App stores are crowded places these days, and because storage space on your phone is often at a premium, you’ll want to fill it with not only the best, but also the most helpful apps out there. Because they come and go quicker than the latest fashion trends, and digging through Google Play, the iTunes App Store, or any of the others is such a mission; a little nudge in the right direction is often very welcome. Here are the apps we think you need to check out this week.
If you’re big on holiday cards, here’s an app that’ll save you a trip to the store and the post office. Ink Cards lets users design a 5 x 7 card by uploading a photo and pairing it with more than 500 designs in the database. Once the design is finalized, you can write a note on the back of the card. The card’s resolution is 300 dpi, and after you add an address to send it to, the company ships it for $2 to anywhere in the world. Cards delivered to the U.S., U.K., Europe, and Canada take about two to eight business days, while sending it anywhere else in the world takes up to two or three weeks. It’s a quick and easy way to send an physical note, rather than an e-card.
Yahoo has missed the mark with previous attempts to get into messaging services, but its revamped Yahoo Messenger might finally be a hit. Directed at fun group messaging, the sleek app is incredibly fast and sports a nice user interface. The app uses Tumblr’s vast database to pull GIFs and even connects with Flickr. Users can like other messages and even “unsend” them, deleting the message from everyone’s chat. You can also view your chats on the Web or in Yahoo Mail. Do note that the app does need your phone number to provide a verification code.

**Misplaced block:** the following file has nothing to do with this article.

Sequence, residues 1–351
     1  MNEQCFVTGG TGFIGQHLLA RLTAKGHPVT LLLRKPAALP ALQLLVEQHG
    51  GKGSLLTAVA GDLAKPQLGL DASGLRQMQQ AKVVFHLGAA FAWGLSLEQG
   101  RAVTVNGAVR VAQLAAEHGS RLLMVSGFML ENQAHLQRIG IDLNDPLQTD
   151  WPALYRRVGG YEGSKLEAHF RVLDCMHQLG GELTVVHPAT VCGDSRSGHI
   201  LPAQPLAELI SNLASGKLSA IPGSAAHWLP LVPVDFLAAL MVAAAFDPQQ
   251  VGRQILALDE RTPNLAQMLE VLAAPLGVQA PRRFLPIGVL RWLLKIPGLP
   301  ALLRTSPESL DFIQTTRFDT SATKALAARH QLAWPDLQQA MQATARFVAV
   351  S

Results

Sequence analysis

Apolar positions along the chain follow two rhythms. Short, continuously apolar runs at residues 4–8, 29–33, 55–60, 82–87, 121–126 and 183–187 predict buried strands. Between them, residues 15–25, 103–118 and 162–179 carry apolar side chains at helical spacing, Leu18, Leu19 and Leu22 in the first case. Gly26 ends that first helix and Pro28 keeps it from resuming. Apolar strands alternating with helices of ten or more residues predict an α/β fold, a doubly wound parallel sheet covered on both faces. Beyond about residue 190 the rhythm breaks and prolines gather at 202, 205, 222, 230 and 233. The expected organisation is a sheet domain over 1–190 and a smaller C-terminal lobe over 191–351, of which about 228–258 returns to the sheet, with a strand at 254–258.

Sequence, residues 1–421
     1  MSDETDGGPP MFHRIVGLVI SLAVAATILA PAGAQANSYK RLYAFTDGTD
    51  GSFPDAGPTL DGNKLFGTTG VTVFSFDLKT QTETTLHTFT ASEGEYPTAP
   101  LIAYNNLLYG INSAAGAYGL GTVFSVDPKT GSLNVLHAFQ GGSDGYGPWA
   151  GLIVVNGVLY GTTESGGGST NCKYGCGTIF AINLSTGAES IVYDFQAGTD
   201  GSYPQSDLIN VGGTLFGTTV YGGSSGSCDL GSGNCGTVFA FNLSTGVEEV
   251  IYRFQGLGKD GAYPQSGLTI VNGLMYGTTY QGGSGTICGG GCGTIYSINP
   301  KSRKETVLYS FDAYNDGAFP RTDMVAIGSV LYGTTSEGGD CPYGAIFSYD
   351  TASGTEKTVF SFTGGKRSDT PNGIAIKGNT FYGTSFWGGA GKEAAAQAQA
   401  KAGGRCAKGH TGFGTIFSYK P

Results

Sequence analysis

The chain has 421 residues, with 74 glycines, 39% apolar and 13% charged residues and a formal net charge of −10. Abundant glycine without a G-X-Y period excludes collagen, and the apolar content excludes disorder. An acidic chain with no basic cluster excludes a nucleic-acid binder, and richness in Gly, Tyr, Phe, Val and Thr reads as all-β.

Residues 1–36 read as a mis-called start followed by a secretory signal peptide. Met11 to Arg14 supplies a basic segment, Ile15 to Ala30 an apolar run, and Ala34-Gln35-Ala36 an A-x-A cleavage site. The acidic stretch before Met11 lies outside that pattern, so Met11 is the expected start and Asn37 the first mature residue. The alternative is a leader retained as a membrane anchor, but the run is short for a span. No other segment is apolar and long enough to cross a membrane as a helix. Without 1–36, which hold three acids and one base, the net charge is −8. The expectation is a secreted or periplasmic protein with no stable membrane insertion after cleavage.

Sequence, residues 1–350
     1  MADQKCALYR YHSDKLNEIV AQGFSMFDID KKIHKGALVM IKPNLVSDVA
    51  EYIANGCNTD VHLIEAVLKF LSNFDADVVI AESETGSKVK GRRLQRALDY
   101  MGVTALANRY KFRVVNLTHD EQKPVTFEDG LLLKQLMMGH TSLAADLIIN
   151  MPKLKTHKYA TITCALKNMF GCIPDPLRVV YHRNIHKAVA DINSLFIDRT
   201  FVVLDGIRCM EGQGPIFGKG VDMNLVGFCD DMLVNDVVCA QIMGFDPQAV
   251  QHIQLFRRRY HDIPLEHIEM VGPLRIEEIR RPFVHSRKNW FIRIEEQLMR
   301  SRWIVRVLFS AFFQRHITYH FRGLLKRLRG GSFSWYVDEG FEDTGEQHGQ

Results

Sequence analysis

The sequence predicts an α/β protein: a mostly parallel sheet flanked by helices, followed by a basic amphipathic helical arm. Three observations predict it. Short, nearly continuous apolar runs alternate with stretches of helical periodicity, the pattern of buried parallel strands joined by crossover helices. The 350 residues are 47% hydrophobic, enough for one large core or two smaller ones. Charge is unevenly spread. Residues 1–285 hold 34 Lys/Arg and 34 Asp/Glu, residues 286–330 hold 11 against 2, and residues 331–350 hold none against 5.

Arts & Culture
Thinking about a trip to the museum? With Google’s new Arts and Culture app, you won’t have to leave your room. Google Cultural Institute has paired with more than 850 museums, archives, and organizations to let users browse through images of collections and explore their history. Some museums offer a 360 view, similar to Google Street View, of certain exhibits and images. The free app lets users zoom in on images, and offers categories such as time period or medium. It’ll be really easy to lose a few hours perusing through the app’s vast library.
Adobe Premiere Clip
Adobe is finally taking Android seriously with its launch of Adobe Premiere Clip, a free video editing app. As it’s more designed for editing a video quickly on the go, the app lets users weave videos “in minutes” using short clips or images stored on the device. Adobe also offers the option to add a soundtrack from its library of music, or you can choose one from yours. The app lets you add titles, transitions, and slo-mo effects to videos, as well. If you’re looking for a clean, simple, and lightweight video editor, try this one out.
Tribe is a neat little video messaging app that lets you quickly send video messages to people in your contacts or groups. Of course, it’s easier when the person you’re messaging has the app installed, but if they don’t, the app prompts a sharing feature, allowing you to send the video message to someone through another app or via text. While the app is certainly colorful, it’s also snappy and fairly similar to Snapchat. It even deletes every message from the app database after it has been opened.
That’s it for this week, but check back for more great apps every week.
- The best Android apps (November 2020)
- The best iPhone apps (November 2020)
- The best camera apps for the iPhone
- The best apps for teachers and educators
- The best photo-editing apps for Android and iOS